I wrote last week about a little lake cabin Bobby McAlpine built for himself which became his watery haven.

After he sold it, the simple design continued to haunt his memory. This little wooden tender box held such great lessons and memories within, he couldn’t seem to shake its elemental echoes.  A simple witness, it spoke as clearly as a boy’s first tree house.

An idea hit him one day.  What would a small development of his beloved cabin be like?  He envisioned a series of the same boxy hut, with slight variations on the theme.  It would be the antithesis of most suburban neighborhoods where myriad shapes and styles clamor to be seen and heard. Recalling 1920s Boy Scout camps, a family of these cabins would live in quiet harmony, all in one voice.  But would individuals buy into the idea that they were living in a house that basically looked like the one next door?  The history of Lake Martin held that answer.  Old one story wooden houses from the 30s (known locally as Russell Lands cabins) populated the shoreline.  Hundreds of these long-term-rental shacks existed, lazily tucked in the woods, basically identical.  A long-standing waiting list existed for these little humble treasures, evidence enough that a large group of similar quiet souls were out there.

Bobby’s thoughts on the new development (dubbed “The Camp”):

“People forget what makes them fall in love with the lake in the first place.  They get a lake home, but they bring everything with them that they have in the suburbs. It becomes just another suburban lifestyle. What we’ve done is revisit an old idea — create a retreat setting with privacy, and beautiful views… The homes are similar — to the point where you can leave your ego at the door.”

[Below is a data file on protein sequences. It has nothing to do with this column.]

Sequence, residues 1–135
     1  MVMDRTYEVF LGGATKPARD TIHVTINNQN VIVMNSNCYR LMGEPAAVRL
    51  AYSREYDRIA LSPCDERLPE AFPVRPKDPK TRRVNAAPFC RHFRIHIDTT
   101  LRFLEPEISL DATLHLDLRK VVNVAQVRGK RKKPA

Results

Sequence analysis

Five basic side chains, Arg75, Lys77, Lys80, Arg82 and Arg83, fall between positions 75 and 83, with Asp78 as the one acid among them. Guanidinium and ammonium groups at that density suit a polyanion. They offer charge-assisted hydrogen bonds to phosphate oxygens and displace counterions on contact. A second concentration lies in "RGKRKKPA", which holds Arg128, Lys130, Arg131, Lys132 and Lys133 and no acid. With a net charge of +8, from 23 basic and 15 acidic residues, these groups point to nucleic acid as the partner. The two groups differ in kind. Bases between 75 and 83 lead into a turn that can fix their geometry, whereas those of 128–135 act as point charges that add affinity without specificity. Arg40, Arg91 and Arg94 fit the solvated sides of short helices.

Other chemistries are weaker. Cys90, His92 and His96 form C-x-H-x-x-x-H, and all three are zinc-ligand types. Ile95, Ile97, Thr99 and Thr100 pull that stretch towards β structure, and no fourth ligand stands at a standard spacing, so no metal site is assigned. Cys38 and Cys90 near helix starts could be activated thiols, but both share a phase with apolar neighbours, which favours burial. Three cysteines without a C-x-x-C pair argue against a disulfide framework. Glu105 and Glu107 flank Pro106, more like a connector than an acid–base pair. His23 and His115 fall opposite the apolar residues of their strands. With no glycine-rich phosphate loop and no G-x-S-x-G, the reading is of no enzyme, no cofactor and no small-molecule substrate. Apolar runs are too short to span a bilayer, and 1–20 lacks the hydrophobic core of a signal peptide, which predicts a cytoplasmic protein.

“The Camp homes are built in such a way that their age cannot be tracked.  We avoid telltale modern products or trends.  In fact, the homes have no drywall, but are built completely from antique, old growth Canadian cedar.”

Property was secured in the Ridge development:  ten scenic lots spanning over two waterfront points.  Seven homes were eventually built – all found owners – five were decorated by Susan Ferrier of McAlpine Booth & Ferrier.  Even though the new occupants of The Camp gave up a bit of their  individuality in the development’s architectural continuity, each house (pictured below) is decorated in remarkably different styles.  Happily, these woodland nests began to shelter eggs of varying colors.

We’re very excited to announce these cabins, grown-up versions of Bobby’s first, will be the subject of a new book, authored by Bobby and Susan Ferrier, and published by our old friends at Rizzoli.  Like the lake, it will rise next spring.


Greg Tankersley, for McAlpine Tankersley Architecture


  1. Cabin is too humble a word to describe what you’ve created…again, another lovely e-mail. Thanks you. i treasure the visuals and the words…

  2. Susan S Clem says:

    Many a summer night did I spend in a Russel Land Cabin tucked into the trees next to Lake Martin. My favorite spot – the screened in porch where the sounds of the night and soft waves on the shore lulled me to sleep. This cabin captures the essence of that simplicity.
    Lovely! Thanks for sharing the vision.

  3. Jon Blunt, ASID says:

    If you can get a look like this, I don’t care that my neighbors house might “look” the same. It is what is in it that makes it a home and what amazing interiors you created as well.

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